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3 Tips for Women to Narrow the Gender Money Gap by Saving and Investing More

How women can set and keep their money goals

As CEO and founder of Ellevest Sallie Krawcheck wisely pointed out, “Nothing bad happens when women have more money.” In fact, according to UN Women, only wonderful things have been known to happen when women have more access to money:

  • Economies grow! Women’s economic empowerment boosts productivity, increases economic diversification, and income equality.

  • Companies grow! Companies greatly benefit from increased employment and leadership opportunities for women, which is shown to increase organizational effectiveness and growth.

However, “financial feminism” isn’t just about increasing wages and financial inclusion – it’s also about retaining that wealth once it’s been earned.

As of January 2022, “about 50% of women ages 55 to 66 have no personal retirement savings, compared to 47% of men.”

This is not only alarming because women statistically earn less than men over time, but also because women typically live longer than men. That means planning for retirement, even if it’s seeming far off in the future, is so important for women.

3 Top Savings and Investing Tips for Women

1. When it comes to investing, the earlier the better because the interest from your investment savings compounds over time.

The above example is for illustrative purposes only and not indicative of any investment.

Source: J.P. Morgan Asset Management, Long-Term Capital Market Assumptions. Compounding is the increasing value of

assets due to investment return earned on both principal and prior investment gains.

2. Saving and investing consistently are just as important.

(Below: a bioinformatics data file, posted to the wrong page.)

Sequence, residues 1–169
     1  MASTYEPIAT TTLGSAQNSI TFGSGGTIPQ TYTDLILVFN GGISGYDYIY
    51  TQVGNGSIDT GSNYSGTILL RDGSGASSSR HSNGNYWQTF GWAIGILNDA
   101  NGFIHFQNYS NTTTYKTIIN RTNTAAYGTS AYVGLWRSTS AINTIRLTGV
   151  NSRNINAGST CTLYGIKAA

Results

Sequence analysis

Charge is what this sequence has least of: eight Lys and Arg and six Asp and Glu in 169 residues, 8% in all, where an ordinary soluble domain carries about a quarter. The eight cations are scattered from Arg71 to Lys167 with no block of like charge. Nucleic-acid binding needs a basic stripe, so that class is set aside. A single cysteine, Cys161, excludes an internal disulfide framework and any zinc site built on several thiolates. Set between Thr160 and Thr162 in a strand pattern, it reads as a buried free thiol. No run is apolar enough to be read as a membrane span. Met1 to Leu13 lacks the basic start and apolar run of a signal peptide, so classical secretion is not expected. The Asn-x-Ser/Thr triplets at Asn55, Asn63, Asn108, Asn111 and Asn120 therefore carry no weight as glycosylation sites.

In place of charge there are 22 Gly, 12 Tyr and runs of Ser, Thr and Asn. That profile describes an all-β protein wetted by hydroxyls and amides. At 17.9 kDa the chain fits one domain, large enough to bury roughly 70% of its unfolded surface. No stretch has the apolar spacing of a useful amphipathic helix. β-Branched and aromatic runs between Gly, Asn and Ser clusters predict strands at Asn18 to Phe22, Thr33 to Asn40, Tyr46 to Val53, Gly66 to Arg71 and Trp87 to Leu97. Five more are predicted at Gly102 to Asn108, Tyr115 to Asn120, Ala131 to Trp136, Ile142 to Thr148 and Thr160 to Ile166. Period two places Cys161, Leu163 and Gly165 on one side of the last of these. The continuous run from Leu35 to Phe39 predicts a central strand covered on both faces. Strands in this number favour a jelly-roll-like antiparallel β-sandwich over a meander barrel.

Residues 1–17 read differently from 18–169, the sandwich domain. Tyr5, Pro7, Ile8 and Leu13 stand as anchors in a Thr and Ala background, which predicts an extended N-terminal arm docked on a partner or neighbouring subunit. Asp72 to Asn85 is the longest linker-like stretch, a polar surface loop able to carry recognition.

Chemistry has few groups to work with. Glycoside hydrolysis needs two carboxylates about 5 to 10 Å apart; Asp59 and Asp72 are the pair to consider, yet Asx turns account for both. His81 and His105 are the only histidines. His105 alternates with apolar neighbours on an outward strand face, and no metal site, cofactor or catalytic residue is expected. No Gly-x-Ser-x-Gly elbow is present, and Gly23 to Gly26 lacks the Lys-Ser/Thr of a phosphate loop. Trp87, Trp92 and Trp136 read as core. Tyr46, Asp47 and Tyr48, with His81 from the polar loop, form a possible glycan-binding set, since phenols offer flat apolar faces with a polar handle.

• Invest whatever you can each month. Even if you can only start with $50 a month, doing so can really add up over time.

    • The same chart shows how much more a consistent saver has in their investment account at age 65 vs someone who invested some money just once.

3. Save for retirement even if you’re not working.

If you’re married and staying home to care for a child or a loved one or take a break from the workforce for another reason, you can still save for retirement with a spousal IRA.

Looking for Help? Consider Working with a Female Financial Advisor

Of course, I’m biased, but in my interactions with other female financial advisors, I’ve noticed that many of us don’t shy away from focusing on the feelings that surround our clients’ financial lives. Money brings a lot of emotion to the surface, whether because of uncertainty, feeling ignorant, or feeling bad about past money mistakes. Empathizing and understanding help us better connect people’s money to what’s most important in life, which can lead to a more complete financial picture.

Most female advisors make sure to educate their clients about each facet of their money life with easy-to-understand terms and without jargon. Perhaps this is because many of us don’t have an ego or feel the need to come to the client's table to prove we’re the smartest person in the room.

Ready to go further on how to take control of your money as a modern woman? Click below!

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No investment strategy assures success or protects against loss. Investing involves risk, including the loss of principal. The information in this post is not intended as tax, accounting or legal advice, as an offer or solicitation of an offer to buy or sell, or as an endorsement of any company, security, fund, or other securities or non-securities offering. This information should not be relied upon as the sole factor in an investment making decision.


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